1. Three isoenergetic test diets containing 320, 430 and 530 g protein/kg, with (experimental) and without (control) inclusion of an anabolic steroid, ethylestrenol, were given to rainbow trout (Salmo gairdneri) of mean initial weight 27 g, for 60 d.
2. After 60 d, all trout groups were given an identical, steroid-free, commercial diet (410 g protein/kg) for a further 30 d, to observe withdrawal effects on growth.
3. The weight and length of trout given the 430 and 530 g protein/kg control diets were significantly greater after 60 d than those given the 320 g protein/kg control diet.
4. Inclusion of steroid enhanced the weight and length of trout given the 320 and 430 g protein/kg experimental diets, exerting a preferential effect on weight as opposed to length.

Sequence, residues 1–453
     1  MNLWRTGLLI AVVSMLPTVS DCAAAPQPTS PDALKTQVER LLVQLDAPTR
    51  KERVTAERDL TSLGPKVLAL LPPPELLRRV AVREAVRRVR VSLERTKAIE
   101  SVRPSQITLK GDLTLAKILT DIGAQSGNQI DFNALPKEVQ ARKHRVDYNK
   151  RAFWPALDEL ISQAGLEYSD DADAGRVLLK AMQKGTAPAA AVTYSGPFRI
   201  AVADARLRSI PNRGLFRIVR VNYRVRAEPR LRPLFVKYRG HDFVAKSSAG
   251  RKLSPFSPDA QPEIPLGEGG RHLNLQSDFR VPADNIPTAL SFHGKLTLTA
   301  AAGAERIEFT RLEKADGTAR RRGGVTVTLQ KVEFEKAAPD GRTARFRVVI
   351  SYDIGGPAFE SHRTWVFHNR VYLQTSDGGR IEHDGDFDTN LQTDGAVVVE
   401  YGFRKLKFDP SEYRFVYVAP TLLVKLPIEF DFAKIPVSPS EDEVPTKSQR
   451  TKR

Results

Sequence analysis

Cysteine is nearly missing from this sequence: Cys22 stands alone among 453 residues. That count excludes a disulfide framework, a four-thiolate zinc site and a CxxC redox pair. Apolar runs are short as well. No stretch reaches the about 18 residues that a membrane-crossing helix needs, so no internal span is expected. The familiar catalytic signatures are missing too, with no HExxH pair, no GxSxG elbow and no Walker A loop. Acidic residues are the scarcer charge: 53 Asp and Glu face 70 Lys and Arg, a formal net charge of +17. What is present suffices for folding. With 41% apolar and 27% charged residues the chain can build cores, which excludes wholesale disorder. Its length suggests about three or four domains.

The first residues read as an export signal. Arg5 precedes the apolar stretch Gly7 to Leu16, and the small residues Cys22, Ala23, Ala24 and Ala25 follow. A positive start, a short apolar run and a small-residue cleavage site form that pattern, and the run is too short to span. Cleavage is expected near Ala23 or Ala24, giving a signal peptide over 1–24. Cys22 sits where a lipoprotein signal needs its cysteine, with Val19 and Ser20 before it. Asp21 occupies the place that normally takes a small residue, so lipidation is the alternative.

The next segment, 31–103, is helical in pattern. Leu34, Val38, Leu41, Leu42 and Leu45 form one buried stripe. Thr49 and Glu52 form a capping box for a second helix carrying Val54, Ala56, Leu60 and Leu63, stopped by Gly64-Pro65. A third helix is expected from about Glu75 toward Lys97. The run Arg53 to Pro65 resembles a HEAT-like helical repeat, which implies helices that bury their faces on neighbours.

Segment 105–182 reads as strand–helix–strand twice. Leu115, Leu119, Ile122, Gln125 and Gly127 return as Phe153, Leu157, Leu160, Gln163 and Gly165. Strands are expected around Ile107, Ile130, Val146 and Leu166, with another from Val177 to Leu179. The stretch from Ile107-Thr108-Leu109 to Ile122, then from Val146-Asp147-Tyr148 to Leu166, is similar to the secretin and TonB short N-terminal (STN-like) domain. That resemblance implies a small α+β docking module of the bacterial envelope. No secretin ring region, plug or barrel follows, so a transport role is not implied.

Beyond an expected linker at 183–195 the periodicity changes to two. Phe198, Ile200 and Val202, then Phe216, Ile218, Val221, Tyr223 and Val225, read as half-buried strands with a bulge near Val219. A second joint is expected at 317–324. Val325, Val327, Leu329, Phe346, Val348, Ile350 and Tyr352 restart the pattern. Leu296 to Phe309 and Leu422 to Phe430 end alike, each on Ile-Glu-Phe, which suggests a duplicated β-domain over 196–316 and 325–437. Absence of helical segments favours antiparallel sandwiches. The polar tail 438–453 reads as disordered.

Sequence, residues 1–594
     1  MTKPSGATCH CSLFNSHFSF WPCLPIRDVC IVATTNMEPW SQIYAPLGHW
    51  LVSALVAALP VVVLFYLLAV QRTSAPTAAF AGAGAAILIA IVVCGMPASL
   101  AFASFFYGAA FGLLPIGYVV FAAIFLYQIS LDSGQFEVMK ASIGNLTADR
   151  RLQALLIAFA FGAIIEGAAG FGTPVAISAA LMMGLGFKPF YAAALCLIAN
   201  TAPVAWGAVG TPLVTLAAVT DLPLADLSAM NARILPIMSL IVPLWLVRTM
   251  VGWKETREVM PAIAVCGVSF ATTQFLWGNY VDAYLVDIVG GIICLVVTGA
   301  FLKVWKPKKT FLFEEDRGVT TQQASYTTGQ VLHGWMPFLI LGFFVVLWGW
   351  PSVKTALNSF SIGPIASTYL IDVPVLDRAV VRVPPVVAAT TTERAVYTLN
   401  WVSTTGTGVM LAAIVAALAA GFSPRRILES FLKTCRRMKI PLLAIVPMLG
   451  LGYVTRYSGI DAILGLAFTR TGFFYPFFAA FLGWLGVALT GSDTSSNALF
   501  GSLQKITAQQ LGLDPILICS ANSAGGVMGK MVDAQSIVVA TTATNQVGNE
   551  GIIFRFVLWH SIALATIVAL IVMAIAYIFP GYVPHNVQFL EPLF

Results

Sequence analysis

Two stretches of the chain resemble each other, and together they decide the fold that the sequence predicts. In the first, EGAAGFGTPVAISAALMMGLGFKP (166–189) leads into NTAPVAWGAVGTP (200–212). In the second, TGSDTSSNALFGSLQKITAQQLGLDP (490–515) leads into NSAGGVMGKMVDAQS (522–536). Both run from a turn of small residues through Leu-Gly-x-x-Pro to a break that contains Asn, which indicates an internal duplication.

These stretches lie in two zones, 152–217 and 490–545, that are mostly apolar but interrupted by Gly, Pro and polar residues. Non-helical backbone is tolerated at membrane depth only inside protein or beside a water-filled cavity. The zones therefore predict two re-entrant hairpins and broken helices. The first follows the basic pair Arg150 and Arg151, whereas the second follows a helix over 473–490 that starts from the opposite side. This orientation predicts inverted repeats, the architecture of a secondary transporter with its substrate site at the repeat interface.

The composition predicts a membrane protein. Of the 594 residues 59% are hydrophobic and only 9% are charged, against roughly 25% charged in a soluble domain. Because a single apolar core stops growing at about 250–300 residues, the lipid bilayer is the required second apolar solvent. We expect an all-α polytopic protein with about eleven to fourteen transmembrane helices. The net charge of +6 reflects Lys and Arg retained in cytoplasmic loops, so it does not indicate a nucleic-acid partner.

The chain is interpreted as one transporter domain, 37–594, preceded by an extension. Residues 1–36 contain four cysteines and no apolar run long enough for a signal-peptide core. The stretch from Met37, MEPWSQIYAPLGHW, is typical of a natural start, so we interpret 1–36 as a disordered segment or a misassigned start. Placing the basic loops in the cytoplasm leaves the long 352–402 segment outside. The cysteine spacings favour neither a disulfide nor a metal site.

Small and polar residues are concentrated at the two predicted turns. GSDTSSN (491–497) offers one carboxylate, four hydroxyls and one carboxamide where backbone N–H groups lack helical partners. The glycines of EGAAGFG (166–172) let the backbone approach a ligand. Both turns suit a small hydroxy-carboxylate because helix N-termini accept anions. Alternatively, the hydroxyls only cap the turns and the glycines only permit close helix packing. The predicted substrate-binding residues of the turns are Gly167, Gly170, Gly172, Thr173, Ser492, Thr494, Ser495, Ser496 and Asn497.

5. After steroid withdrawal, a significant difference between the weight and length of the 320 g protein/kg control and experimental groups was still apparent.
6. An increase in dietary protein increased the food conversion efficiency, and decreased the protein efficiency ratio. Inclusion of steroid increased both these factors over the respective controls.
7. Protein assimilation decreased, and faecal nitrogen content increased with increasing dietary protein. In trout given steroid, protein assimilation and apparent digestibility was higher, and facecal N content, lower than the controls.
8. Muscle protein increased with increasing dietary protein, and was higher in trout given steroid.
9. Relative liver weight increased with increasing dietary protein. Inclusion of steroid resulted in a reduction in relative liver and gut weight, and an increase in kidney weight.
10. It is concluded that ethylestrenol promotes both the growth and efficiency of nutrient utilization of trout. The magnitude and duration of these effects are a function of the dietary protein level.